A note on current problems with ODA as a statistical measure
By Simon Scott In 1969, the OECD’s Development Assistance Committee (DAC) created official development assistance (ODA) as a measure of foreign aid effort. To qualify as ODA, transactions had to be “concessional in character,” i.e., to give something of value away. In 1970 the U.N. set a target for ODA of 0.7 per cent of donors’ national income.
The DAC has recently changed ODA reporting rules to include transactions that require no financial sacrifice. This deprives ODA of its meaning as a gauge of aid effort, and vitiates the point of setting the U.N. ODA target.
The changes have also rendered ODA incoherent as a statistical measure, making it a faulty tool for monitoring and analysis. ODA now fails to meet basic statistical quality standards.
ODA was never perfect, and for years critics complained about the inclusion of items – such as the costs of students and refugees in donor countries – which transferred no resources to developing countries. But since 2014, DAC decisions mean that ODA is not just counting debatable items, but inventing numbers that do not exist in the real world.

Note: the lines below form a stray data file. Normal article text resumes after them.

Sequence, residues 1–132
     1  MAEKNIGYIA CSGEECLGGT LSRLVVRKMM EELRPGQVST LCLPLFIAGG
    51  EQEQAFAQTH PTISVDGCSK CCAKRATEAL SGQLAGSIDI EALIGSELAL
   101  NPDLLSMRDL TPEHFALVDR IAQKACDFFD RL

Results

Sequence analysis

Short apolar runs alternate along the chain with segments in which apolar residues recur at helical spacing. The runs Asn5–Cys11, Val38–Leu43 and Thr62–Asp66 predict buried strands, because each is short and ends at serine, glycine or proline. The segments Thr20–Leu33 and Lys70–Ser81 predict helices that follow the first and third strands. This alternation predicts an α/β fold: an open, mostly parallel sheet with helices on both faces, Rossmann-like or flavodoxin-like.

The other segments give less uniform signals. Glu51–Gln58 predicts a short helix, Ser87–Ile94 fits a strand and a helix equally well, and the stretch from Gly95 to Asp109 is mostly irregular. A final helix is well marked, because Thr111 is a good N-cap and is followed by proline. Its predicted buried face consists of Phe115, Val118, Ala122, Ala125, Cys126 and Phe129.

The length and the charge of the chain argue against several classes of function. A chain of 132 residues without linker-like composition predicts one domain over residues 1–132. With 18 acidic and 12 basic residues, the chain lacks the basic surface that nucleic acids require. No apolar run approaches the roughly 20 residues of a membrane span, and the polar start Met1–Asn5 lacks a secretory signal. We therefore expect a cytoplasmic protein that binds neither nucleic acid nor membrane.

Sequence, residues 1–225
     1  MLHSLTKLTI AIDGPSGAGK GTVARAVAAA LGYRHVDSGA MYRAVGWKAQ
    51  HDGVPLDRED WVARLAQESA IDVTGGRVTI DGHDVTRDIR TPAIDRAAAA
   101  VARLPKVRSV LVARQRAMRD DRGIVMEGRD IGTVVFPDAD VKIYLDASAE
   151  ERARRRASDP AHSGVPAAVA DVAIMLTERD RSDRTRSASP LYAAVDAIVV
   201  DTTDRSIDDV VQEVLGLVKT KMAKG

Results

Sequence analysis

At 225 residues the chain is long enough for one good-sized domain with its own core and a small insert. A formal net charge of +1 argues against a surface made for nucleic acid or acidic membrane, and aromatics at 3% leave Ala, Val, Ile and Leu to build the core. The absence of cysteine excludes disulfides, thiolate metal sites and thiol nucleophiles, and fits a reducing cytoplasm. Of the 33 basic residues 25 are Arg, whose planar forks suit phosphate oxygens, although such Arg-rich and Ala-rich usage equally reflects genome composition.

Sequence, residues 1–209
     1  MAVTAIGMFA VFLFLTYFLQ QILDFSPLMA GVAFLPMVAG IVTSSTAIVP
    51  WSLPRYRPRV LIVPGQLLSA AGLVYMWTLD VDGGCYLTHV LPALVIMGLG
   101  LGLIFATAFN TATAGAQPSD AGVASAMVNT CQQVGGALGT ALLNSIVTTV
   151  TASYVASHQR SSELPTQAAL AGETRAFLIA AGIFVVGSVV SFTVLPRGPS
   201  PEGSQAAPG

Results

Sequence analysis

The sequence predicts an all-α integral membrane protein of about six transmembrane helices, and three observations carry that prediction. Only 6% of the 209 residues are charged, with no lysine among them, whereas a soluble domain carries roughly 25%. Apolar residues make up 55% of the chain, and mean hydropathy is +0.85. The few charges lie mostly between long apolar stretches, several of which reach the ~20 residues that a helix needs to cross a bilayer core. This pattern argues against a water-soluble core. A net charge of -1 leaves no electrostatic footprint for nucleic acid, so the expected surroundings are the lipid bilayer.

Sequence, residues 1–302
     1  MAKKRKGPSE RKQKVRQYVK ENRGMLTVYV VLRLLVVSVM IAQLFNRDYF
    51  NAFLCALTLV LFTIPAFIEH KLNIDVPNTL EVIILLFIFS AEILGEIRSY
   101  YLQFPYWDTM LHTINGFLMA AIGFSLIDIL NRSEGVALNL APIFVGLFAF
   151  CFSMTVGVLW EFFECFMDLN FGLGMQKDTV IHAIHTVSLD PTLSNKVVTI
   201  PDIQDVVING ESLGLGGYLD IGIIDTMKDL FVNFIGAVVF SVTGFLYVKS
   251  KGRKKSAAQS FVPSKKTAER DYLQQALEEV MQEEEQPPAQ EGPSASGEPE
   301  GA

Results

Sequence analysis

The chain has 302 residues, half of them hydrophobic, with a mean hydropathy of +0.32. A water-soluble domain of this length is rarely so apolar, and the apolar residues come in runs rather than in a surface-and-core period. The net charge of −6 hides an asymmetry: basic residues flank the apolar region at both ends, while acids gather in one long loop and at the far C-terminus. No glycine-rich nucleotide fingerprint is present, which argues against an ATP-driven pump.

One example is loans to governments and other public sector borrowers. These are now measured not in observed flows of capital but in claimed “grant equivalents.” The grant equivalent is a model estimate of the amount being given away in a loan. It represents the loan’s value, minus the present value of its expected repayments.
Grant equivalents are only credible if donors work out the present value of repayments using current market interest rates. Yet in 2014 the DAC decided instead to use fixed discount rates of 6, 7, or 9 per cent (comprising a “base rate” of 5 per cent, plus a “risk margin” of 1, 2, or 4 per cent, depending on the borrowing country’s per capita …read more